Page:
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Barack Obama Would Be Perfect for Harvard, Actually

State of the Union: Harvard tends to overcorrect when it gets rid of a president.

Charlotte,,Nc,,Usa,-,July,5,,2016:,Barack,Obama,President
Credit: Evan El-Amin

When Harvard University gets rid of a president, it has a tendency in its choice of successor to swing the pendulum too far in the other direction. If that pattern holds, Barack Obama could, unironically, be the perfect choice to succeed Claudine Gay.

Neil Rudenstine was president of Harvard from 1991 to 2001. The son of a Jewish prison guard and an Italian Catholic waitress, he grew to be a gentle English professor with an oddly thin scholarly output. He may have had the paltriest resume of any Harvard president before Claudine Gay; like her, he had not authored a single book. 

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His main vocation was fundraising. He threw himself into it “with an enthusiasm that couldn’t have been faked,” according to journalist Richard Bradley in his excellent book Harvard Rules: Lawrence Summers and the Battle for the World’s Most Powerful University. The problem was that he liked asking rich people for money a little too much. “His wet-noodle handshake, the ease of his bended knee,” according to Bradley, came across as ingratiating and weak.

In 1994, Rudenstine suffered a mental breakdown and disappeared for three months. After ten years under a president whom Newsweek described as “a frail Renaissance scholar,” Harvard decided it needed someone tougher. So it picked Larry Summers.

Unlike Rudenstine, Summers was self-assured—too much so. He alienated practically every liberal constituency with his impolitic remarks and refusal to pander. When comments about the underrepresentation of women in hard sciences made headlines, every faction he had crossed leapt at the opportunity to get rid of him.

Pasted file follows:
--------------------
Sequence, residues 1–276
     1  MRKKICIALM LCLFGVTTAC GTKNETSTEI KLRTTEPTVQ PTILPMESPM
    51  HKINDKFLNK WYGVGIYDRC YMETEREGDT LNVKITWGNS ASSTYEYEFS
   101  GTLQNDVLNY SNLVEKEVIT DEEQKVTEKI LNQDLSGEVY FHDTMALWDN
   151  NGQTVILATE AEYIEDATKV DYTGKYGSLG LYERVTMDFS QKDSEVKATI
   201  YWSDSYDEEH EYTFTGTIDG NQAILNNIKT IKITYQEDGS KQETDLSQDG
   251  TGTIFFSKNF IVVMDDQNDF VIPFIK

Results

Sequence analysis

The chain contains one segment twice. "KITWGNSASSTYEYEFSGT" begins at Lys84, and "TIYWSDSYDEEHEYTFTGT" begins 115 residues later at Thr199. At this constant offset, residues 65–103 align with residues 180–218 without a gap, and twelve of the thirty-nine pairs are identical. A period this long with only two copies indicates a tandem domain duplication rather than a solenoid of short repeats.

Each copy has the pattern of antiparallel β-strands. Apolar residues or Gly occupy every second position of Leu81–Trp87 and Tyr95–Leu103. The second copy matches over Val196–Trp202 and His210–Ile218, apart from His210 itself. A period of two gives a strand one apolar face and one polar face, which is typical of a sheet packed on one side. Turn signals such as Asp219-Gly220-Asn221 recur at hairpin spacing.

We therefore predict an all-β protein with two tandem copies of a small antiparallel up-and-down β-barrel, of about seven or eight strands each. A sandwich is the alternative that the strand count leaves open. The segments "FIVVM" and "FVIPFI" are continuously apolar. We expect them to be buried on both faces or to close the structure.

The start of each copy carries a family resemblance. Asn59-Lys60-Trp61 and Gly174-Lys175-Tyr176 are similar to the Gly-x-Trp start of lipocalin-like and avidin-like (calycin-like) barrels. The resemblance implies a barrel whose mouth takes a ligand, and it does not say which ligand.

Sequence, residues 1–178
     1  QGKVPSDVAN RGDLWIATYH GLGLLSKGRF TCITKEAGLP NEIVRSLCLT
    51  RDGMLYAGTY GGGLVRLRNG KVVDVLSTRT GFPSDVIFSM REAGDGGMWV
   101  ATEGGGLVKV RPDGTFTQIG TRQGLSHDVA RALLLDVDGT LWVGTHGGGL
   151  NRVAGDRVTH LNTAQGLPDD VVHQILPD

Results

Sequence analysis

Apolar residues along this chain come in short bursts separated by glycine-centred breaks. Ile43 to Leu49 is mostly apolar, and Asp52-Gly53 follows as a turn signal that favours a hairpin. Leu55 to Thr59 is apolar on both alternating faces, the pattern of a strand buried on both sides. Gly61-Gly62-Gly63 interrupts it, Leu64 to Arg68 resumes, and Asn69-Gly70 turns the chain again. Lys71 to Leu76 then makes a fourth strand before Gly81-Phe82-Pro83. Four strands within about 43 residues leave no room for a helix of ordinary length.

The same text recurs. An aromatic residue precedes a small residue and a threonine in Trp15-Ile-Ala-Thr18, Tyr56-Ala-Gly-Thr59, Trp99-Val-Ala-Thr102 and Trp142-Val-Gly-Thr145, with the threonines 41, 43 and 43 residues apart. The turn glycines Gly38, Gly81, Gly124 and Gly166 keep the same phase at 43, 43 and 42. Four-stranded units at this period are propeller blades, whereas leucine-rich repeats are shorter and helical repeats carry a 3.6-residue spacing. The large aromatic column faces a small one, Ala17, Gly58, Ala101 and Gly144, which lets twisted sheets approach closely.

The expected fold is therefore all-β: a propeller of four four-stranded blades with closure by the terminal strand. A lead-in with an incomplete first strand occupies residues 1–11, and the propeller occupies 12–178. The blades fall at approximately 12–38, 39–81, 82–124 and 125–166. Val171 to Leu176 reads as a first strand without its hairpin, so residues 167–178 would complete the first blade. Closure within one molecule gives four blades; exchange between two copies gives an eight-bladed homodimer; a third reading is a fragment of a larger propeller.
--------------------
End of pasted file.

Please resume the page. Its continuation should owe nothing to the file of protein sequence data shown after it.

It was assumed by everyone that the president after Summers had to be a woman, just as it was assumed when Lawrence Bacow stepped down that his successor had to be a racial minority. Drew Gilpin Faust, the female hire, was fine. Claudine Gay was not. 

Gay lost her job because of her disastrous congressional testimony on antisemitism and because of the plagiarism allegations, but her real problems ran deeper. As dean of the Faculty of Arts & Sciences, she had used the pretext of “diversity, equity, and inclusion” to build a personal empire within the Harvard administration, as Chris Rufo explained in City Journal. Lacking the authority that comes with personal charisma or intellectual accomplishment, she had to build a power base using patronage, and she protected it zealously.

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The thing that struck me most, back when her appointment was first announced, was how few people were willing to state the obvious about how intellectually unimpressive this woman was. I saw one article about it, and that was it. Why? Racial taboos were part of it, but I also detected an unmistakable sense of fear. I wondered, is Gay known by everyone in academia as a vindictive and petty person whom you crossed at your own peril? Sohrab Ahmari offered evidence to that effect here at TAC.

Barack Obama does not have that problem. He doesn’t need to be paranoid about shoring up his internal power base. His power base is external and untouchable. He doesn’t need to protect an army of loyalists; everyone at Harvard is an Obama loyalist by default.

He has something else, too. Think back to Rudenstine. His problem was that he was too much of a striver, too insecure. But every meritocrat is like that. It’s the type of person the system selects.

Not Obama. He is, in his own way, aristocratic. He has the effortless ease of a person to whom everything in life has come easily. He has had a charmed career dating back to his time at Harvard Law when his peers already assumed he would be president of the United States someday. He does not have to worry about what he will be doing for his next job. 

The advantage of aristocrats is that they can say no to people. They can be relaxed. They don’t have the anxiety that characterizes everyone in a meritocratic system, the winners as much as the losers. In that sense, appointing Barack Obama president of Harvard would be a return to the institution’s ancient roots. 

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